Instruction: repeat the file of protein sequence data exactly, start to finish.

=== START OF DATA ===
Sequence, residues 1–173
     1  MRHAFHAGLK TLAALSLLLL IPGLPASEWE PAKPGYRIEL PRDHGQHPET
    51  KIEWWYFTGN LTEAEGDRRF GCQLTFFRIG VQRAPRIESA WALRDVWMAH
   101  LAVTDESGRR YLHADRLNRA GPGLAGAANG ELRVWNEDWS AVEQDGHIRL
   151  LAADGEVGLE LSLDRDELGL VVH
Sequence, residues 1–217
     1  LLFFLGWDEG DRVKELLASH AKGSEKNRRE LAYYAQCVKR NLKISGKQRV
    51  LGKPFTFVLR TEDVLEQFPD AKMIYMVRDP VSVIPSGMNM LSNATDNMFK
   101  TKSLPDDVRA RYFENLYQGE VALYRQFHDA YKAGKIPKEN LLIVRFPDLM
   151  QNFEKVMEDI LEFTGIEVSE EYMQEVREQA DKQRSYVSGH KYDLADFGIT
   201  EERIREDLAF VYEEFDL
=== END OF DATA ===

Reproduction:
Sequence, residues 1–173
     1  MRHAFHAGLK TLAALSLLLL IPGLPASEWE PAKPGYRIEL PRDHGQHPET
    51  KIEWWYFTGN LTEAEGDRRF GCQLTFFRIG VQRAPRIESA WALRDVWMAH
   101  LAVTDESGRR YLHADRLNRA GPGLAGAANG ELRVWNEDWS AVEQDGHIRL
   151  LAADGEVGLE LSLDRDELGL VVH
Sequence, residues 1–217
     1  LLFFLGWDEG DRVKELLASH AKGSEKNRRE LAYYAQCVKR NLKISGKQRV
    51  LGKPFTFVLR TEDVLEQFPD AKMIYMVRDP VSVIPSGMNM LSNATDNMFK
   101  TKSLPDDVRA RYFENLYQGE VALYRQFHDA YKAGKIPKEN LLIVRFPDLM
   151  QNFEKVMEDI LEFTGIEVSE EYMQEVREQA DKQRSYVSGH KYDLADFGIT
   201  EERIREDLAF VYEEFDL